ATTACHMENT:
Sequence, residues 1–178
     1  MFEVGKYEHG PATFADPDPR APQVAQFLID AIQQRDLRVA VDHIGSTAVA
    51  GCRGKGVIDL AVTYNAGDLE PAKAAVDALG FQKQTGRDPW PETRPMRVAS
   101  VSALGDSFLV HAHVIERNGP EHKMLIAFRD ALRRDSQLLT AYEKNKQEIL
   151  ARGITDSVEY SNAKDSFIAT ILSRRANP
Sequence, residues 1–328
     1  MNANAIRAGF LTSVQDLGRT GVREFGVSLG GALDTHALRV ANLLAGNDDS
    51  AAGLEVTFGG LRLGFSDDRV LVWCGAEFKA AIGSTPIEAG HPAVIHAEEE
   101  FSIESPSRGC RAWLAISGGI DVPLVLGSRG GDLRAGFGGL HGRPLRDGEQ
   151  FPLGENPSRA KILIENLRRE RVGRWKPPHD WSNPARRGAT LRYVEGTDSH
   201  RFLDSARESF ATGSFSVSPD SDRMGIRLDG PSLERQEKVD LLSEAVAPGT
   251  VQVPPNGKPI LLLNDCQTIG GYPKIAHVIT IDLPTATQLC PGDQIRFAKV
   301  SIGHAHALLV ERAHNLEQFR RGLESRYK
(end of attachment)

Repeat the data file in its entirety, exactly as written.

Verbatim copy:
Sequence, residues 1–178
     1  MFEVGKYEHG PATFADPDPR APQVAQFLID AIQQRDLRVA VDHIGSTAVA
    51  GCRGKGVIDL AVTYNAGDLE PAKAAVDALG FQKQTGRDPW PETRPMRVAS
   101  VSALGDSFLV HAHVIERNGP EHKMLIAFRD ALRRDSQLLT AYEKNKQEIL
   151  ARGITDSVEY SNAKDSFIAT ILSRRANP
Sequence, residues 1–328
     1  MNANAIRAGF LTSVQDLGRT GVREFGVSLG GALDTHALRV ANLLAGNDDS
    51  AAGLEVTFGG LRLGFSDDRV LVWCGAEFKA AIGSTPIEAG HPAVIHAEEE
   101  FSIESPSRGC RAWLAISGGI DVPLVLGSRG GDLRAGFGGL HGRPLRDGEQ
   151  FPLGENPSRA KILIENLRRE RVGRWKPPHD WSNPARRGAT LRYVEGTDSH
   201  RFLDSARESF ATGSFSVSPD SDRMGIRLDG PSLERQEKVD LLSEAVAPGT
   251  VQVPPNGKPI LLLNDCQTIG GYPKIAHVIT IDLPTATQLC PGDQIRFAKV
   301  SIGHAHALLV ERAHNLEQFR RGLESRYK